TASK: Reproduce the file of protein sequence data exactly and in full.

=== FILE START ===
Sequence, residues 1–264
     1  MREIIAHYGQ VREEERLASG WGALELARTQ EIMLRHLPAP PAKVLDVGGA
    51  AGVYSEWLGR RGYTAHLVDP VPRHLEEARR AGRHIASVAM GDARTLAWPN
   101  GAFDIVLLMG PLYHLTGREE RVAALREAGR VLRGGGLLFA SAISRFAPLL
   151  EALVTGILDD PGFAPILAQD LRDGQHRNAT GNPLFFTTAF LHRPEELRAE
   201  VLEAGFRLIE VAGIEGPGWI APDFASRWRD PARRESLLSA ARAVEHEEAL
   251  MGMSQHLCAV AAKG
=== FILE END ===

Sequence, residues 1–264
     1  MREIIAHYGQ VREEERLASG WGALELARTQ EIMLRHLPAP PAKVLDVGGA
    51  AGVYSEWLGR RGYTAHLVDP VPRHLEEARR AGRHIASVAM GDARTLAWPN
   101  GAFDIVLLMG PLYHLTGREE RVAALREAGR VLRGGGLLFA SAISRFAPLL
   151  EALVTGILDD PGFAPILAQD LRDGQHRNAT GNPLFFTTAF LHRPEELRAE
   201  VLEAGFRLIE VAGIEGPGWI APDFASRWRD PARRESLLSA ARAVEHEEAL
   251  MGMSQHLCAV AAKG